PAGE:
When I first laid eyes on Holt -- a community just outside of Tuscaloosa, Ala. -- just a few days after the April 27 tornado struck, what had once been a vibrant neighborhood now looked like a huge open field. It was a field filled with splintered wood, crumpled metal, broken glass, and shattered dreams. Families sorted through the ruins looking for anything they could salvage.
An aerial view of Tuscaloosa showing just how wide-spread the tornado damage is. ©2011 Laura Reinhardt/World Vision
My co-worker and I talked with a man who had owned the Lucky Dollar store. We asked if he would rebuild. He said he didn’t know: “It used to be a neighborhood store and now there’s no neighborhood.” Now most of the rubble is gone. There are still some homes standing, but many more have completely vanished. So in the face of that, it’s even more important than ever for the children of Holt to know that there are some things that remain the same. Holt Day of Caring At World Vision’s Holt Day of Caring a couple of weeks ago, record-breaking heat across the southeast didn’t keep the residents of Holt from coming out. The first family showed up at 7 a.m. even though the event didn’t start until 9:00. Earlier this year, volunteers packed 300 hygiene kits, filled with items such as soap, a toothbrush, and toothpaste, for junior high and high school students attending the day’s event.
Kaleb Fairchild, 4, is excited about the new Mr. Potato Head toy he got at the Holt Day of Caring. He said he couldn't wait to play it. ©2011 Laura Reinhardt/World Vision
Donations from corporate partners included a gift to be used toward World Vision’s relief and recovery efforts in the areas in the Southeast impacted by the tornadoes—specifically to help stock World Vision’s teacher resource center with supplies for the Tuscaloosa schools to draw from during the upcoming school year. Tuck's RUSH for Literacy—a foundation established by New York Giants’ football player, Justin Tuck and his wife Lauran—donated funds during his April visit to Tuscaloosa, which were used to purchase backpacks and school supplies for the children of Holt. First Book offered special gifts of and books for the community’s school-aged children. Each child also got to pick out a pair of brand-new shoes. Over 100 volunteers—including teachers from the four schools being served, the Holt High School Cheerleaders and Ambassadors, local volunteers, and church volunteers from Nashville and Ohio—donated 433 hours to help make a success of the day. Families lined up and moved through the various tents set up. They had their choice of navy blue, Kelly green, or teal canvas shoes. Many of the children lingered under the First Book tent searching for the right books for themselves. One little boy started reading his book and refused to heed his mother’s pleas to continue on to the backpacks. And then it was on to the last tent to get their backpacks. Each of the packs came filled with supplies and a handwritten note by the volunteer who packed it. One card touched directly on the trauma faced by each of these families. ‘Friend I can only imagine what these last days have been like for you. Please know that you are all in our thoughts and in our prayers.’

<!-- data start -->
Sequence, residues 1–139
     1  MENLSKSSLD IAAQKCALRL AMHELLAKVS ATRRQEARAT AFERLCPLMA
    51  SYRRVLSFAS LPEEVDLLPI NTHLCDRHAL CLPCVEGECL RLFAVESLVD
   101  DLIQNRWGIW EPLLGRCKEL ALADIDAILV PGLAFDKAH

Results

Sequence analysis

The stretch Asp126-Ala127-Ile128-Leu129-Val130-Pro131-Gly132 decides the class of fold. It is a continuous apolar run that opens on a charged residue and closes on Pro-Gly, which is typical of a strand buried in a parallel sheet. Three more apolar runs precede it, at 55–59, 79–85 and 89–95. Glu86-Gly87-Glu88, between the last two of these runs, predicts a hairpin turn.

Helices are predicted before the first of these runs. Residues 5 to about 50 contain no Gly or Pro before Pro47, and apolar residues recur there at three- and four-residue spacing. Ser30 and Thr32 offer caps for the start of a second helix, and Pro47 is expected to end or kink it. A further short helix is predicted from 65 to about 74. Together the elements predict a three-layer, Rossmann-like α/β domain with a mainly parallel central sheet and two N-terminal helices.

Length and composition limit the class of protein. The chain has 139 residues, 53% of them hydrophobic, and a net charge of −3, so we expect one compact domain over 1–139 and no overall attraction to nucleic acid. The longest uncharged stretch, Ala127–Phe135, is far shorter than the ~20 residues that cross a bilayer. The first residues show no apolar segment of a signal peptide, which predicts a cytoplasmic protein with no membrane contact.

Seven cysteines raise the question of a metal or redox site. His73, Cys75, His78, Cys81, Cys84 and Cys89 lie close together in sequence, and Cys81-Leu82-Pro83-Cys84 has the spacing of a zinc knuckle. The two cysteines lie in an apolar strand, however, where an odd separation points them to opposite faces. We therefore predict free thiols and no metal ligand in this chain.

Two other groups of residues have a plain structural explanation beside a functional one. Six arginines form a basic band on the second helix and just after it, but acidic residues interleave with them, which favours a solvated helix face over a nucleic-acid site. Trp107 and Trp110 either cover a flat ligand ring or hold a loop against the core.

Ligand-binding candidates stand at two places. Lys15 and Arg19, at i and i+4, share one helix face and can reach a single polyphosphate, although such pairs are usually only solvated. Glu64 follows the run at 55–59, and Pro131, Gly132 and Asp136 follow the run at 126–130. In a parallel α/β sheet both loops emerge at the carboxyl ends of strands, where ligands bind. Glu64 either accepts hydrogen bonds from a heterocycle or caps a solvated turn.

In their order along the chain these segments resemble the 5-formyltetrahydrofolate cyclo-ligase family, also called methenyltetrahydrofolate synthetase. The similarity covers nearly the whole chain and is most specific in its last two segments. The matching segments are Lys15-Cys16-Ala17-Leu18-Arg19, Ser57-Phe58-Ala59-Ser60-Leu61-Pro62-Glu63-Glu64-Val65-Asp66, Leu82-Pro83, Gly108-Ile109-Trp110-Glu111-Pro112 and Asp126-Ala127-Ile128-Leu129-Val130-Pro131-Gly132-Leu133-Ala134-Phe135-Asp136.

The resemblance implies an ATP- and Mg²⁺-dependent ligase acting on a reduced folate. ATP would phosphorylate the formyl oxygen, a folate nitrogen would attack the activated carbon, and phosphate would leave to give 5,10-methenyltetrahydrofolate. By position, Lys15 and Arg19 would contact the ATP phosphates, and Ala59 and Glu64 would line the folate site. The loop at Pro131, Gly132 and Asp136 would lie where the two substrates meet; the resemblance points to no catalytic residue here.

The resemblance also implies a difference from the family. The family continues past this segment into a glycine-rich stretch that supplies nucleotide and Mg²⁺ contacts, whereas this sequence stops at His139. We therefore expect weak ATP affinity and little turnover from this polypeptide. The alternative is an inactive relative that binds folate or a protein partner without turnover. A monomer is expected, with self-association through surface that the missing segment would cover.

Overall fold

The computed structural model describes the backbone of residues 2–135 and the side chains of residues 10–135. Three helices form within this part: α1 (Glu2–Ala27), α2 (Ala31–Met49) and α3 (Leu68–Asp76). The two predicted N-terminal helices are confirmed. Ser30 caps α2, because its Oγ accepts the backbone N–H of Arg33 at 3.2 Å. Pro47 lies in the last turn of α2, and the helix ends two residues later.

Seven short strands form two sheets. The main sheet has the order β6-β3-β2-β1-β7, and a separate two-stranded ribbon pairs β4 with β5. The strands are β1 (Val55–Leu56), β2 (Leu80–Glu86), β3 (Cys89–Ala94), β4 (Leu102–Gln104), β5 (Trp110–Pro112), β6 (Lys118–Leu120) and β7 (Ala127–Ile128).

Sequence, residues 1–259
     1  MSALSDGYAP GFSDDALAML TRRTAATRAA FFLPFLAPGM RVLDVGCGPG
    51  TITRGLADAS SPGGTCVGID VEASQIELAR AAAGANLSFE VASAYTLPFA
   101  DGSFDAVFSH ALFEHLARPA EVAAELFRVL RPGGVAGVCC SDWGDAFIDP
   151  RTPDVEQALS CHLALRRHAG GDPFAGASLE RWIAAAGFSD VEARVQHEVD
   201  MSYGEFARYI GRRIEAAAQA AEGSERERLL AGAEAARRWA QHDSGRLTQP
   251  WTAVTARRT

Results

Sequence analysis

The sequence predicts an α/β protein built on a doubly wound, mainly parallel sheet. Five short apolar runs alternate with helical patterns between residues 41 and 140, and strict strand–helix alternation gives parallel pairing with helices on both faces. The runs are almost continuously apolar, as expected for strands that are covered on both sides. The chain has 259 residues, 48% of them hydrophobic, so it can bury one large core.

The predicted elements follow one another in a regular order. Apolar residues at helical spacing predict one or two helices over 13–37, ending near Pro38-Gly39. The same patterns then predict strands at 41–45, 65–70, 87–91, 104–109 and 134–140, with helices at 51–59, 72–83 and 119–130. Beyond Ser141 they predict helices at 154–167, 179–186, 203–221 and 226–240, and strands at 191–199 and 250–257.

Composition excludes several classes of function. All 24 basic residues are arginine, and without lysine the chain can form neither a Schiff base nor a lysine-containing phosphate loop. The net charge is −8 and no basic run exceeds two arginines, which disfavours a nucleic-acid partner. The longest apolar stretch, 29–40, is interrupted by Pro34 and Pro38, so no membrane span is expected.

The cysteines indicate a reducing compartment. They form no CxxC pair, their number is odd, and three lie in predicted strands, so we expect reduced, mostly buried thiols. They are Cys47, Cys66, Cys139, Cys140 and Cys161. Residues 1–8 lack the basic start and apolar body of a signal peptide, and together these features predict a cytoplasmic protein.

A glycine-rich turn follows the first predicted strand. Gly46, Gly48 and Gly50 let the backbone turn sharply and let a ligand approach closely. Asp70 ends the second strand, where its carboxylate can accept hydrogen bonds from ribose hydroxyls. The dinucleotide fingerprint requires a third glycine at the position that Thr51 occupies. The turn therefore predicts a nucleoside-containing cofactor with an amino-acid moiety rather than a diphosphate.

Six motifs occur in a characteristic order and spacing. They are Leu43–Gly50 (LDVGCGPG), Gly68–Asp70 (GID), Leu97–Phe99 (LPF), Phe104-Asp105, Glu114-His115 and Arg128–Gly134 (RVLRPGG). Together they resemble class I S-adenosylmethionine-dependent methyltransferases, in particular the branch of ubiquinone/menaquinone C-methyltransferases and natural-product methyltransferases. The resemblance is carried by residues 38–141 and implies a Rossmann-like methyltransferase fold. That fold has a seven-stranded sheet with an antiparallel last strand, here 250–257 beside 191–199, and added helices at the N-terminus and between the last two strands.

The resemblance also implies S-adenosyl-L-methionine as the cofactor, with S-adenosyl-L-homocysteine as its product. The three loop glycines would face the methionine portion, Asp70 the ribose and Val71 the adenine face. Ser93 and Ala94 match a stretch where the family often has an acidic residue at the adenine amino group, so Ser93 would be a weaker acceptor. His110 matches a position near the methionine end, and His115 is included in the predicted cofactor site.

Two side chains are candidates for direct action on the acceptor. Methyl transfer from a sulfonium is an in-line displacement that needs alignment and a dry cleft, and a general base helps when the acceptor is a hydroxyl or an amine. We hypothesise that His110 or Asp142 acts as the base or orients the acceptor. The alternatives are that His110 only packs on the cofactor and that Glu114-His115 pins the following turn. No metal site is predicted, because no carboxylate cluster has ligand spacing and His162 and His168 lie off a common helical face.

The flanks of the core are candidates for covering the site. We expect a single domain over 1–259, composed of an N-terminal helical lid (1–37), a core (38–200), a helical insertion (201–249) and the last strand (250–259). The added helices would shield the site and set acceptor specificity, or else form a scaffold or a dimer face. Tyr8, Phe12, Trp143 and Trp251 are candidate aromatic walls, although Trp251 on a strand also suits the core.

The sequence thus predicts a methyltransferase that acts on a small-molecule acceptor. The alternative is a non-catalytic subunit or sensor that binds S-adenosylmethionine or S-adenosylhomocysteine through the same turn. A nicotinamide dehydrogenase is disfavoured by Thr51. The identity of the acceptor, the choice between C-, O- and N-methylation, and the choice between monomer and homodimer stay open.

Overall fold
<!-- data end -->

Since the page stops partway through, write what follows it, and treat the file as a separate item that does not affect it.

Anyssa Williams, 5, got a new backpack at the Holt Day of Caring sponsored by World Vision and its corporate partners. ©2011 Laura Reinhardt/World Vision
Finally every person there received a hot lunch of a hot dog or hamburger, a bag of chips, and a drink provided by local restaurant T's Basket. More than 800 children were served on the Holt Day of Caring. Before the beginning of school, 1500 children will receive backpacks with which they can start the year. “The Blessing Business” Parents echoed that the help with the school supplies is especially appreciated now as they struggle to try to rebuild their lives. “It means everything. Every little bit helps. It saves money because we’re trying to get our house situated. So every little bit helps. We’re grateful, very grateful for the help,” one man said. “Thank you, not just for me and my family, but for all the families whose home were destroyed, the families who were not able to buy for their children. It means so much and we want to thank all of them for what all they have done,” said Sandra Green, 44, “This is a great contribution to help this community—for the families, for the people who lost.” She said that the dedication of World Vision, its corporate partners, and the volunteers all combined to help her realize that, “God is still in the blessing business.”
To families across the U.S. who are sending their children back to school this month, we're praying for an enriching and fun year for your children!